From fair deal to poor deal…

Alex Kane is not impressed with the St Andrews Agreement. He also recounts the rapid movement of the DUP from visceral (and distructive) opponents of any kind of compromise to accepting the broad outline of the Belfast Agreement. The only chance to improve on it, he argues is for the ‘moderate middle’ to act in concert and form a ‘voluntary opposition’ in any future Assembly.

This column has had a fairly benign view of the DUP since it became the largest unionist party at the 2003 Assembly elections. Indeed, a few weeks after that election, I argued “the DUP will be more inventive, flexible and imaginative than their critics gave them credit for. They are up for a deal and have, hopefully, learned a lesson from their previous miscalculations.”

What were those miscalculations? Well, in 1997/98, during the Talks process, the DUP insisted that the IRA would never decommission; Sinn Fein would never accept the legitimacy of partition; the Irish would never abandon their territorial claim; the Union would never be secured through internal agreement; and Sinn Fein would never sign up to recognition of a Northern Ireland police force and criminal justice system.

In all of those areas, along with quite a few others, the DUP has been guilty of serial miscalculation. But, instead of rowing in behind the UUP to apply much needed pressure on Sinn Fein and the two governments, the DUP concentrated its efforts on undermining and weakening the overall unionist position and pursued an entirely self interested electoral agenda. It was helped, and immensely so, by those who sought to destroy the UUP from within.

How ironic, now, that UUP defector Arlene Foster is criticising former colleagues for not rushing to help the DUP. How ironic, too, that Jeffrey Donaldson has been deployed as the DUP’s recruiting sergeant for a document that is the almost identical twin of the Agreement he voted and campaigned against within the UUP. And how strange the silence from Peter Weir!

The DUP has merrily triple-somersaulted from anti-Agreement, to Comprehensive Agreement, to comprehensive cock-up in three simple leaps. The St Andrews Agreement (a title thrown in by Blair to allow the DUP to pretend it was something new) is a Gorgonzola of a document, riddled with faults, wood-wormed with inconsistencies and strait-jacketed with caveats, codicils, ifs, ands, pots and pans.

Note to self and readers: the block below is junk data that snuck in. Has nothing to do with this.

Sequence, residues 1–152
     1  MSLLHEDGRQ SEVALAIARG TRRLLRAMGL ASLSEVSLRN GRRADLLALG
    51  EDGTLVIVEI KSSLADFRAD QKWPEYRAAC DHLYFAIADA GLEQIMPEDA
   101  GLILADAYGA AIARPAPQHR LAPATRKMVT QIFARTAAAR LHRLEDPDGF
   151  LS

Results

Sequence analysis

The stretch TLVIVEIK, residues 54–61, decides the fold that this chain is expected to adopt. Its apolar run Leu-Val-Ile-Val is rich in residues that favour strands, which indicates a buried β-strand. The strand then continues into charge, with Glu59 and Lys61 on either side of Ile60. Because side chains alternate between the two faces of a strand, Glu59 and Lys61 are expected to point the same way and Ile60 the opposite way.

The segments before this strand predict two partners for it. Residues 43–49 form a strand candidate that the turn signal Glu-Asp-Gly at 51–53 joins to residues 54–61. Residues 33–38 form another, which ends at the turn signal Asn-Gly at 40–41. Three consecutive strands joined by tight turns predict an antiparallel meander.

It is worse than the Belfast Agreement; and it is worse because it has taken a document which had internal (but fixable) problems and, instead of addressing and resolving them, has actually managed to insert new (and unfixable) problems. Whatever the DUP may claim has been done to provide extra scrutiny on North-South matters, nothing has been done to address the far more pressing matter of accountability at Executive, Ministerial, Assembly and Committee levels.

Oh yes, there are all kinds of vague promissory notes about sorting problems out later, but let’s face it, the DUP has had over eight years to come up with a genuine alternative to the Belfast Agreement, or, at the very least, a seriously amended version of the original. It has done neither. And it is being disingenuous when it claims to have safeguarded a number of “unionist interests.” It may be able to impose a veto on some issues, but it will still be dependent on Sinn Fein’s imprimatur when it comes to almost everything else.

The mean streak in me wants to let the DUP stew in its own juice. But that won’t help Northern Ireland and it certainly won’t help a pro-Union community which needs devolution to sustain and promote its particular identity within a UK in which devolution is the political norm.

I believe that the UUP should assist the DUP as best it can; yet I also believe that the UUP should work together with the SDLP and Alliance to create a pre and post election coalition of the centre. My own instinct is that such a coalition should refuse ministerial office when the next Executive is formed, for the best way ahead for Northern Ireland, the Agreement and the normalisation of politics here, is inbuilt accountability, official opposition and genuine choice. A voluntary coalition, in opposition at this stage, fits the bill perfectly.

The DUP has already learned that there is a price to be paid for being the largest party. They also need to learn that there is a price to be paid for engineering a carve-up between themselves and Sinn Fein.

First published in the Newsletter, on Saturday 21s October 2006

  • ?????

    Just where is peter weir, anyone know?

  • Dualta

    Very good stuff from Alex Kane, but DUP hacks will be quick to point out that decommissioning did happen with the DUP in the driving seat.

  • Professor JM Keynes


  • páid

    I’m glad that Blair overruled Ahern and called it the St Andrews Agreement instead of Document Number Two.

  • Ziznivy